Increase residential density within City limits.   

See below to learn more.

Target: Increase residential density within City limits.   

Current Performance: See below for more information.

A challenge faced by many growing communities, like Tallahassee, is the tendency for sprawl to occur as a result of continuous suburban development. Low-density zoning requires fewer units per acre. This type of zoning increases the market price per residence, has higher infrastructure costs, and increases traffic due to low walkability. In contrast, development costs per unit in high-density zones are much lower. Increasing residential density in the urban service area has many benefits that can alleviate underlying conditions of poverty. These benefits include increased walkability and decreased traffic congestion; increased housing options and affordability; improved efficiency and fiscal health of public transit networks; decreased public infrastructure costs; protection of the environment; and improved public safety.

The City plays a key role in achieving higher densities as it oversees the implementation of the City’s Zoning Code for the permitting of new development. One of the key tools in the Zoning Code that supports higher densities is an area is called the Multi-Modal Transportation District (MMTD), an 18-square mile area that has increased pedestrian, bike and transit infrastructure. By incentivizing higher-density development, the City of Tallahassee can revitalize downtown as a place to live and not just work during the daylight hours.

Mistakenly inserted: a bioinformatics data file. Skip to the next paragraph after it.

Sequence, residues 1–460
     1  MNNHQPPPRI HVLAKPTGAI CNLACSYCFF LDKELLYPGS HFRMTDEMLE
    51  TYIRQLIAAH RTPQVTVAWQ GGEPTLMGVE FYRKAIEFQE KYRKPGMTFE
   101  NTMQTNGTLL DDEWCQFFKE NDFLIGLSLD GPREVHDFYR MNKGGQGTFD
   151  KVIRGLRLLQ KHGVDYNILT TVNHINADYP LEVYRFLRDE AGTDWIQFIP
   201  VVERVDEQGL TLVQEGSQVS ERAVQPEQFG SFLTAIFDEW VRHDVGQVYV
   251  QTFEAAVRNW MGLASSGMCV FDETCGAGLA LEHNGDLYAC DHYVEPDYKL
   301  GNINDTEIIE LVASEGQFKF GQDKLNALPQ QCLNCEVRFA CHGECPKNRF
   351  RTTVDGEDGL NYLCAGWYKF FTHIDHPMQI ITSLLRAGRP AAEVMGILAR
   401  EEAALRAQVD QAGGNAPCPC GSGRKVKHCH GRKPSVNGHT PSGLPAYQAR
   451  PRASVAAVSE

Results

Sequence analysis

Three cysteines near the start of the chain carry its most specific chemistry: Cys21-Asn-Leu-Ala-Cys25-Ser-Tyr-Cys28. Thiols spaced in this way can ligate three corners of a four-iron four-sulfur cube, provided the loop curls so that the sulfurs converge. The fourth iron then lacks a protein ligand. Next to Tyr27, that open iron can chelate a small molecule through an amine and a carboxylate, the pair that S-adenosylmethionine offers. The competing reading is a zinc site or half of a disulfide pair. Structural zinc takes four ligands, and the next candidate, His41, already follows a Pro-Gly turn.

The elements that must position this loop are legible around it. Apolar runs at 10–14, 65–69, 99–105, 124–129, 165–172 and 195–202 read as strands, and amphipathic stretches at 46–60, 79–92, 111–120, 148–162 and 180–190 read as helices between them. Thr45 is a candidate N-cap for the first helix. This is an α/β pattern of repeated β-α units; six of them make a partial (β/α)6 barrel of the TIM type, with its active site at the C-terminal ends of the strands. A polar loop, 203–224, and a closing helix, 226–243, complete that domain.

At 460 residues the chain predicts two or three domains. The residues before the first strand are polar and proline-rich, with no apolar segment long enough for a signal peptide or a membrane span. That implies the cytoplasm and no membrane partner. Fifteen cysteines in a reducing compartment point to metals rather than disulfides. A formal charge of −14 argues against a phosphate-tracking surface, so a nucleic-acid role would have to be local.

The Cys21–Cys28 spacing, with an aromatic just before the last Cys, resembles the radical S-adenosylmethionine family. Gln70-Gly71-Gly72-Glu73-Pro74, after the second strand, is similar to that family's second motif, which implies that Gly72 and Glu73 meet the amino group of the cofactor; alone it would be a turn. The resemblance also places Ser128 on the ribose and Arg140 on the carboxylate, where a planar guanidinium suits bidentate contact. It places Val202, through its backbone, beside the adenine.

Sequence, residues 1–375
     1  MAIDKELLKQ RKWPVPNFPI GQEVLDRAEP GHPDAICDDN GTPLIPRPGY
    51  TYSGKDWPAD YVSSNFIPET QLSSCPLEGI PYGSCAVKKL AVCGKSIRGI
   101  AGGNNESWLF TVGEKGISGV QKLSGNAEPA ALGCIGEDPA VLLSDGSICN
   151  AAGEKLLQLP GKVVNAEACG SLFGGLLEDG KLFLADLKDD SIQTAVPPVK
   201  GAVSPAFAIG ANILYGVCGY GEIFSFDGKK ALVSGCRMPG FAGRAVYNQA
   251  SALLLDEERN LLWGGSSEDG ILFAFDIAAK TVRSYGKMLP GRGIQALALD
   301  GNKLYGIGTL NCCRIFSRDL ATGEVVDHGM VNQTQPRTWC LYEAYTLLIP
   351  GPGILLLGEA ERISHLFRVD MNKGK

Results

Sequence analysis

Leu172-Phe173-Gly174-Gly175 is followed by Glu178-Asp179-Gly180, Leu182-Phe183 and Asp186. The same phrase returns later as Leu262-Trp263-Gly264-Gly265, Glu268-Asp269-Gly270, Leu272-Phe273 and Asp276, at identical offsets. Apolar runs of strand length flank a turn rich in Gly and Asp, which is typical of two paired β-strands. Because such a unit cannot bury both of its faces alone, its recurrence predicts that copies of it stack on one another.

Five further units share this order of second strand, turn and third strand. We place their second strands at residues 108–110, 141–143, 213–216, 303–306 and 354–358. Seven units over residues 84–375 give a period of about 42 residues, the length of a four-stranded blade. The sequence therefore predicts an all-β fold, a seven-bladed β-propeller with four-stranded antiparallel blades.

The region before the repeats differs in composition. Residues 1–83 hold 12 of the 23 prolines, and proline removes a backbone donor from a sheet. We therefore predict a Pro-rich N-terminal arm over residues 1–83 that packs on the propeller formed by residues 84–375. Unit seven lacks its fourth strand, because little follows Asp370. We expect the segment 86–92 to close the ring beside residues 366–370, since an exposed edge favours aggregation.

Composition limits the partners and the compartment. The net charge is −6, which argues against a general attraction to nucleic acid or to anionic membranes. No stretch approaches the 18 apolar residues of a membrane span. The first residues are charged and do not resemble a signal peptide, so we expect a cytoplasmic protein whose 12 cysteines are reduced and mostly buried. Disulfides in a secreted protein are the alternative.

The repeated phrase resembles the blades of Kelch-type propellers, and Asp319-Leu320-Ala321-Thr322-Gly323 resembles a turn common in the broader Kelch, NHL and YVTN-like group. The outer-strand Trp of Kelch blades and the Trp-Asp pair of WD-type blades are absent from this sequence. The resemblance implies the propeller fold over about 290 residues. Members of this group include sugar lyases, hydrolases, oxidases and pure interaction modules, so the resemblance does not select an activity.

The City cannot increase residential density by itself. However, it can create the conditions which will make the development of multi-family residences easier and more attractive. The City also implements design standards for higher density projects so that they become a complementary part of the neighborhood. The overall goal is to promote development that offers affordable living while protecting the community’s character.

In FY2022, the City issued building permits for 608 multi-family residential units. In total, the City has increased the number of affordable housing units in the pipeline to 2,391, a number greater than the last 25 years combined.

Growth Management, and Housing & Community Resilience. Last Updated: December 2022.